I’m sure I’ve confessed this before, but I’ll admit it again: I’m addicted to crime shows. Aside from reruns of King of Queens, Seinfeld, and The Golden Girls — and my other indulgences, Lie to Me and now The Walking Dead, which I’m somehow brave enough to make it through — my TV doesn’t stray far from the channels that pump out Deadly Women, Forensic Files, and 48 Hours Mystery. I love sitting through the process of investigating the crime. When it’s condensed into an hour-long airtime, anyway.
But my favorite is Snapped. As the narrative voiceover is explaining the back story behind the final showdown that usually ends up in a murdered husband, I’m thinking about how I would’ve handled the situation. In one case, a woman was furious because her man had left her and married his mistress. Bad. But the homewreckin’ hussy wanted their children to call her “mom.” Worse.
Now that’s the kind of scenario I try to put myself in and all signs point to somebody going down, though I don’t have the cajones to snuff somebody all the way out in real life. I dare say there will never be a Janelle Harris episode of Snapped (at least I hope — from my fingers to God’s ears, just in case). But that doesn’t mean I don’t empathize with the offended mother’s outrage and anger and even understand that moment when she just, well, snaps.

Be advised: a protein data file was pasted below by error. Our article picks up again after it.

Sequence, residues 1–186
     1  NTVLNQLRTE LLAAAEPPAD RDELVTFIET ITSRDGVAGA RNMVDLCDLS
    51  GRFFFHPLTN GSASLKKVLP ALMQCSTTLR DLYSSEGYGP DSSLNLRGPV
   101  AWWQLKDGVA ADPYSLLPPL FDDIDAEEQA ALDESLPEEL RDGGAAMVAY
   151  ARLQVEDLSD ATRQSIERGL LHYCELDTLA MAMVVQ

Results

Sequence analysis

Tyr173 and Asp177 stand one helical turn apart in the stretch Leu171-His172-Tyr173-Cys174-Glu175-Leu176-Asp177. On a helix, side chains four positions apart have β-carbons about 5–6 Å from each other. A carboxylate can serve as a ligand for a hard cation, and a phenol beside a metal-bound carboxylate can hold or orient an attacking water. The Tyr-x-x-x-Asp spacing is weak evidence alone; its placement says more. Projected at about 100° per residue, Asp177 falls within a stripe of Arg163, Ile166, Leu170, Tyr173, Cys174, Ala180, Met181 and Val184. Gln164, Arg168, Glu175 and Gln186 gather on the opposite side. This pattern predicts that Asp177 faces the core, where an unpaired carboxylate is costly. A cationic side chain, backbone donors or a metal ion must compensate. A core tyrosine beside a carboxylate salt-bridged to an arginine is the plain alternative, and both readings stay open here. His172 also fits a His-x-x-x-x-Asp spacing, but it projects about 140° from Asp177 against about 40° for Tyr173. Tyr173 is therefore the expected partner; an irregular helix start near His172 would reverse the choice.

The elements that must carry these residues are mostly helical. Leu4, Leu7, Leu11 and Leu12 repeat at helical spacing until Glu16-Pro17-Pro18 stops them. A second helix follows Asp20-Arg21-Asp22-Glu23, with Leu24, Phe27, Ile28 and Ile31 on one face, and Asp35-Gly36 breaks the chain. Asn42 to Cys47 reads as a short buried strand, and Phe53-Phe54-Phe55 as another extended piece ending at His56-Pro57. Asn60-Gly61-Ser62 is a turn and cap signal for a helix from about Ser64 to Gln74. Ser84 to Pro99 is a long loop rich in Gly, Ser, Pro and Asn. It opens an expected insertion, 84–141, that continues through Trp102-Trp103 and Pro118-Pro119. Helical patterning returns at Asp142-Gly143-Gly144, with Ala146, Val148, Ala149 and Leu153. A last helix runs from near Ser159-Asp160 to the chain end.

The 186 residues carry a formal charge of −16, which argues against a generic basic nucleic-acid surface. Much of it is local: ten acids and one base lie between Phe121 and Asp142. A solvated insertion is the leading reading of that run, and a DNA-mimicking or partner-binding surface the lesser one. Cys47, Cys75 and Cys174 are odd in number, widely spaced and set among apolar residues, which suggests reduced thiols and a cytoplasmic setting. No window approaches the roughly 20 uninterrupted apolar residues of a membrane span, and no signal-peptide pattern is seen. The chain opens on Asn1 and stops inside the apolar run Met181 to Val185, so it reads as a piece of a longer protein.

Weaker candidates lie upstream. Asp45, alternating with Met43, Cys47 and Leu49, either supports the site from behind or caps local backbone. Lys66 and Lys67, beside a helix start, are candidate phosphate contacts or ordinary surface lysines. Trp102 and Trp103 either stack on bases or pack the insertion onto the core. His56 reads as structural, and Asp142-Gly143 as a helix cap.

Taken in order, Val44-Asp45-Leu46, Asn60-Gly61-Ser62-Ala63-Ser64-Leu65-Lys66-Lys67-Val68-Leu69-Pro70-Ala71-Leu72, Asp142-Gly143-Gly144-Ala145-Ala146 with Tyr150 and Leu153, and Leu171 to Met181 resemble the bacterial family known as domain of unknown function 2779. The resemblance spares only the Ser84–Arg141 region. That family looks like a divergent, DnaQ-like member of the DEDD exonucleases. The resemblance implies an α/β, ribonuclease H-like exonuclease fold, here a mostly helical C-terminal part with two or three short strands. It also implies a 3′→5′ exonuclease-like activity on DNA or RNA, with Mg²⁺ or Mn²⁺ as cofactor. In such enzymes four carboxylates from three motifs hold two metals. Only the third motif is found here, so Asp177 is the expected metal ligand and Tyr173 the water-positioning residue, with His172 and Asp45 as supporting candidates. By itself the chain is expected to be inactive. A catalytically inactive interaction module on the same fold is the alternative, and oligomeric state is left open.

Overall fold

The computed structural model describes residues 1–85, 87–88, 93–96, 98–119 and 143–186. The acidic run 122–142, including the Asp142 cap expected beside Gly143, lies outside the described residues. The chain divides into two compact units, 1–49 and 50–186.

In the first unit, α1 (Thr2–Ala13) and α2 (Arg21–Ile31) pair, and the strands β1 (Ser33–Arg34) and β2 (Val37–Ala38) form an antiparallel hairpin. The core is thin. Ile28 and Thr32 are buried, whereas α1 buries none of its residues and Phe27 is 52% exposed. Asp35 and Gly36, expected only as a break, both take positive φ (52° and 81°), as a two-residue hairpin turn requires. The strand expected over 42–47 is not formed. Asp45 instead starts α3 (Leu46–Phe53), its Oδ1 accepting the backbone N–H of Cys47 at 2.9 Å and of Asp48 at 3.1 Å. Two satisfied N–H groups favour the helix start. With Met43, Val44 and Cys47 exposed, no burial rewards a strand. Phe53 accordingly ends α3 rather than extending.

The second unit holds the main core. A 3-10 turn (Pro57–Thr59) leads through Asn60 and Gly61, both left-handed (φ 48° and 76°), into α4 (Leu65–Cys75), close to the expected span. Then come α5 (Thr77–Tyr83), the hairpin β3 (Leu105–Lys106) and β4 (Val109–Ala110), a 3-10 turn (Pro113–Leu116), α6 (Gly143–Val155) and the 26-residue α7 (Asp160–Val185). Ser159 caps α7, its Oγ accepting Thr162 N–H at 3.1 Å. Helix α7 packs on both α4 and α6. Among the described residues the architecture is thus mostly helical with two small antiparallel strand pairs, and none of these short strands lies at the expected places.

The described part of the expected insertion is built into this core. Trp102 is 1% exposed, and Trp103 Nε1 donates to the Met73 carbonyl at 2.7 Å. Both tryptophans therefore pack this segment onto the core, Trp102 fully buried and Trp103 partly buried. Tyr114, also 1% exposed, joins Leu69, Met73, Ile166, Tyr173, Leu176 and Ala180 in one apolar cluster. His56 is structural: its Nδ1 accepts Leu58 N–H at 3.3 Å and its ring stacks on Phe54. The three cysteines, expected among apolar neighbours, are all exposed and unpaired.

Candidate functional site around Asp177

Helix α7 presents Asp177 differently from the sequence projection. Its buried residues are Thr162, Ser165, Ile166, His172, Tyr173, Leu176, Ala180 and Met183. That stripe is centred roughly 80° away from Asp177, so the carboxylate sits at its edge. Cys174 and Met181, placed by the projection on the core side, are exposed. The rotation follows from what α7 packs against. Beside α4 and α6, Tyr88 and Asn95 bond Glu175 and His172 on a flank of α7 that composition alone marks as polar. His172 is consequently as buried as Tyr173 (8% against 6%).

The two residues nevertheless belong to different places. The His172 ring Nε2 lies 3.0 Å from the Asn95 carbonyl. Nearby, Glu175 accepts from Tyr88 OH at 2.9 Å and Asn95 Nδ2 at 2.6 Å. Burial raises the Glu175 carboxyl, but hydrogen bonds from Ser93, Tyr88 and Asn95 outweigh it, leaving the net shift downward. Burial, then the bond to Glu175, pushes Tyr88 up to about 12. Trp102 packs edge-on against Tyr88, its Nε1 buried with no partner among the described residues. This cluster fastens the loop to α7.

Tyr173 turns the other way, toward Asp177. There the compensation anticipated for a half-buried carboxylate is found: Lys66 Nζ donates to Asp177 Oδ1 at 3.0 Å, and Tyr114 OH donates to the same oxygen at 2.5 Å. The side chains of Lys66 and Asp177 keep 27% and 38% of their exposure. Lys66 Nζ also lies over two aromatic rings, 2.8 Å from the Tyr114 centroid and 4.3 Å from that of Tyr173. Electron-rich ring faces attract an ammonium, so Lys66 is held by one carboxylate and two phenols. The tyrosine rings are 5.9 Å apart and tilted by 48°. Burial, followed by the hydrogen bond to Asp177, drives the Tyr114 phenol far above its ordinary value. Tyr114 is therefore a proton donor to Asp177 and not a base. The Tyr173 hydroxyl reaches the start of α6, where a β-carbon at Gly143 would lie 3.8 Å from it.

It’s one thing to betray the sanctity of a marriage by stepping out on your spouse. That’s a violation of the entire household, not only the relationship, because the family has been built on the vows that those two people have taken to be faithful and honest and monogamous. So diluting those promises by stepping out with another person and redirecting your affections to them is already foul.
There are as many reasons to cheat as there are folks to cheat with, but most of the time it just boils down to the fact that the marriage or partnership no longer works and both parties need to move on. Cheating, in my book, is not only a waste of everybody’s time, since it indicates that somebody in the mix ain’t happy. It’s almost impossible to bounce all the way back from and still operate normally.
Trust is a fragile thing and rather than trying to move forward with that little voice of skepticism screaming, “Yeah right. You’re going to play ball with the guys/get a haircut/go to a meeting in Chicago with no access to a phone,” it might be best to cut losses and go back to being single.
But to bring the kids face-to-face with the person that you cheated with takes nerve. And it takes even more audacity to want those children to give your harlot-turned-housewife a title. (And it’s even more crazy for her to expect one.) I can’t even wrap my mind around that kind of disrespect but I do know that it happens, and not just in the land of reality crime television.
Sometimes the poor kids don’t know any better and go along with getting to know the former mistress. Sometimes they root for the home team, pledge their allegiance to their mama, and give the new chick on the block the blues in the process. Either way, that’s got to be an extra sharp dagger through a woman’s heart to know that her ex is herding her kids into the same space as the woman who played a starring role in breaking up her relationship.
We all know how the woman on Snapped handled it. She offed the dude and that kind of made it an end-of-story situation.
Is it wrong for an ex to introduce their kids to the used-to-be mistress (or, in some cases, the mister)?
Image via Ken30684/Flickr